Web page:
Plus, in contrast to the moody Raikkonen, Alonso embraced everything there was about being the face of Ferrari. Throw in the fact Alonso was a supreme talent theoretically entering his prime years, and this absolutely had the makings of one glorious romance.

Germany 2012: Alonso won races with Ferrari, but never the title

Which for a time, it was

Although there were no championships, it's hard to deem Alonso's first three seasons at Ferrari a disappointment. He won nine races, finished second in the championship twice, and turned in some stirring drives. Sure, missing out on two titles by a total of seven points was certainly a disappointment, but it also validated the ability of driver and team.

In short, Alonso's performance 2010-2012, in which he emerged as the undisputed face of Ferrari, extended the honeymoon period, if you will. No, they hadn't achieved their ultimate goal, but they had on two occasions come painstakingly close. And the prospect that better days were ahead seemed, a realistic one.

Those better days never came

What began to play out in 2010-2012, and would reach its zenith in 2013, was something Alonso likely didn't foresee in 2009: the emergence of Red Bull Racing as the dominant team in Formula 1.

Yes, Red Bull had enjoyed a break a breakout season in 2009, with Sebastian Vettel winning 5 races. But the notion that Vettel, legendary aerodynamicist Adrian Newey, and Red Bull would dominate F1 to the level they did was implausible when Alonso signed with Ferrari in late-2009.

Or was it?

Newey, after all, had designed dominant cars during his time at Williams and McLaren, which had powered Nigel Mansell, Alain Prost, Damon Hill, Jacques Villeneuve and Mika Hakkinen to championships. Newey and Vettel would assert their supremacy further in 2013, as Vettel thoroughly dominated, winning thirteen races and finishing an astounding 155 points ahead of second-place Alonso in the championship. The Newey/Vettel combination rewriting the F1 record book also revealed what was in hindsight Alonso's greatest failure at Ferrari: not aligning himself with the top engineering talent of the day.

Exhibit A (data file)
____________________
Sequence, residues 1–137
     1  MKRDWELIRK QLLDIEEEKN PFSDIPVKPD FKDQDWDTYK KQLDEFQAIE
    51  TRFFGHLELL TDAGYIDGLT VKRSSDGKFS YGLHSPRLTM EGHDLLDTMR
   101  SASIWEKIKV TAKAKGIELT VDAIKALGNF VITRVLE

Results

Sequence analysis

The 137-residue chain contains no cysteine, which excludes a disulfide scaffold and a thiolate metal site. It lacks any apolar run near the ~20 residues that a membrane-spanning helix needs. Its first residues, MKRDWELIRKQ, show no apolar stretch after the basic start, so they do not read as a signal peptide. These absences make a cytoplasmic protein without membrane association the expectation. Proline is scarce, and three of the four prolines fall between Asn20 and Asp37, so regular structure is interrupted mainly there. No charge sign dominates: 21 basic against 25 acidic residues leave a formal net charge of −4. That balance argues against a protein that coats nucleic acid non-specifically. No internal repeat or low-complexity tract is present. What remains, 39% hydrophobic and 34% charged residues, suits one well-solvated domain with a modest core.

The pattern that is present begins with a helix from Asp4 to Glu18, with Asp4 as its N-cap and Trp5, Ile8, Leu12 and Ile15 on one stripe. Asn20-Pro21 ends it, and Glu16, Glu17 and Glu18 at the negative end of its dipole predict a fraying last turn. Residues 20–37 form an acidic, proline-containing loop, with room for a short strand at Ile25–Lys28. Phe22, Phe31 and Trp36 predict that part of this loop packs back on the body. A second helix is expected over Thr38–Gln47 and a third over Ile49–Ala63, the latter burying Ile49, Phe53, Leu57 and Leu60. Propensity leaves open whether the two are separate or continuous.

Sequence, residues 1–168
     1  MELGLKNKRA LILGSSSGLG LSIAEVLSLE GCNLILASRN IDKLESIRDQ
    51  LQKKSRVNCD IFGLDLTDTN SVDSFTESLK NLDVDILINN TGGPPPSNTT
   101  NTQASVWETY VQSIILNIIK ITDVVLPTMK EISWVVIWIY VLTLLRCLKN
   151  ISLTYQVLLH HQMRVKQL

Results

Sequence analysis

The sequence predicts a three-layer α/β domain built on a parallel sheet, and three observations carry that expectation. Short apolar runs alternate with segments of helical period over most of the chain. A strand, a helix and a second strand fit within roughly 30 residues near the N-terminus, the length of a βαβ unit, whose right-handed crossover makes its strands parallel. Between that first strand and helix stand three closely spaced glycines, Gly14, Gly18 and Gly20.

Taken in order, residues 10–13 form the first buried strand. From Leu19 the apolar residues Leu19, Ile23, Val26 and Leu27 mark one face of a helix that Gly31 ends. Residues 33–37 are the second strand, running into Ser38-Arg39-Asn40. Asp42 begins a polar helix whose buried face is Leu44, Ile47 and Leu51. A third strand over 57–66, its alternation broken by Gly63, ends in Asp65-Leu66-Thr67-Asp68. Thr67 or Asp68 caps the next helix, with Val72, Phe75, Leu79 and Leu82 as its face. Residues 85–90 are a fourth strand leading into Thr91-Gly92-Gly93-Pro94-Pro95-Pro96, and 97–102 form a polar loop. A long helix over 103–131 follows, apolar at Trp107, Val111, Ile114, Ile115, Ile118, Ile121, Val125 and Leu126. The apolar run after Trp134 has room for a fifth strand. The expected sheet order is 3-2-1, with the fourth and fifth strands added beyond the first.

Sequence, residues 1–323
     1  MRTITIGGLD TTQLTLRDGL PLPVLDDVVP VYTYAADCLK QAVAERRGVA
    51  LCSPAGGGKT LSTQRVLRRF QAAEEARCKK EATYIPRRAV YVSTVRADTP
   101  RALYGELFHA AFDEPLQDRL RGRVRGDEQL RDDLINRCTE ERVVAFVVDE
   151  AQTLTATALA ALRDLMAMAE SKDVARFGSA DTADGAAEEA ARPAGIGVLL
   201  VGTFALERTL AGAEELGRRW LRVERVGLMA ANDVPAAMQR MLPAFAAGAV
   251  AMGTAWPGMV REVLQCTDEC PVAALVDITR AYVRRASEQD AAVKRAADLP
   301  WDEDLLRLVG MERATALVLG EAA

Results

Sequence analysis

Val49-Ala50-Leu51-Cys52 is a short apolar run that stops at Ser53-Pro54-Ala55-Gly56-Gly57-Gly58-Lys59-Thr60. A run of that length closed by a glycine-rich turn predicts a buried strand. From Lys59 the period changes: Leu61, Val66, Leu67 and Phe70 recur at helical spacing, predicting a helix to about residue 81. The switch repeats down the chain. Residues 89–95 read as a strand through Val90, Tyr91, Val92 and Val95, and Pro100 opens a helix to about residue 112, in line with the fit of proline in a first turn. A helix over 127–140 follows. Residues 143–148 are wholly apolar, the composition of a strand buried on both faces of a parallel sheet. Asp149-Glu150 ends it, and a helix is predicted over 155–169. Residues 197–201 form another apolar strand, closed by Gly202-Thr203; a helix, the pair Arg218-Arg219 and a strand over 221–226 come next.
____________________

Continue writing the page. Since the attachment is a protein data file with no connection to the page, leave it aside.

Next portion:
This of course, is something Ferrari great Schumacher had done so successfully before, bringing his Benetton World Championship engineer Ross Brawn to Ferrari with him. Schumacher insisted on having the best engineering and aerodynamic people surrounding him, something other great drivers have placed a significant premium on. Remember, Prost came out of retirement in 1993 to drive the Newey-designed Williams. Ayrton Senna would switch to Williams in 1994 to drive the Newey car.

In what is something of an overlooked narrative over the past two-plus decades is that the majority of championship winning cars (including all of the last six) are if not Brawn/Newey designs, then have the fingerprints of one of the two somewhere on them. Alonso for all his accomplishments and all his maneuvering amongst teams, has never managed to align his genius behind-the-wheel with technical genius of Newey or Brawn a la Prost, Senna, Schumacher, and Vettel.

Perhaps, this ability to construct a championship team of engineers is as much a defining characteristic of the drivers mentioned above as their talents behind-the-wheel. With the benefit of hindsight it probably was naive on Alonso's part to presume the team and/or his driving ability was enough to carry the team to championships.

Brazil 2011. No one doubts Alonso's ability behind the wheel, but he failed where it really counts

Speaking of ability behind the wheel

Alonso's on-track performance during his time at Ferrari was by all accounts, exceptional. In fact, in 97 Grand Prix with Ferrari, Alonso beat his teammate (Massa from 2010-2013, Raikkonen this past season) get this: 83 TIMES!!!!!

That's good right?

For Alonso's reputation, it was definitely good. Logically one would think that would be of value to Ferrari, but there's context to consider.

See, Alonso's performance relative to his teammates, served to reinforce the narrative that Alonso was a supreme talent, who seemed to be maximizing the capabilities of his equipment. Think about how many times during his Ferrari tenure Alonso would say 'we did the maximum today,' after say a fifth-place finish?

Because Alonso was so outstanding, again relative to teammates, he became almost immune from criticism. The prevailing wisdom was that Alonso was getting the most out of what Ferrari was providing. Niki Lauda, for one, noted during this year's Singapore weekend, 'without Fernando Alonso, Ferrari would be nowhere."

Now, the notoriously direct Lauda wasn't intending to take anyone to task. He was simply restating a widely held belief: Ferrari was not maximizing what it had in Alonso, not the other way around.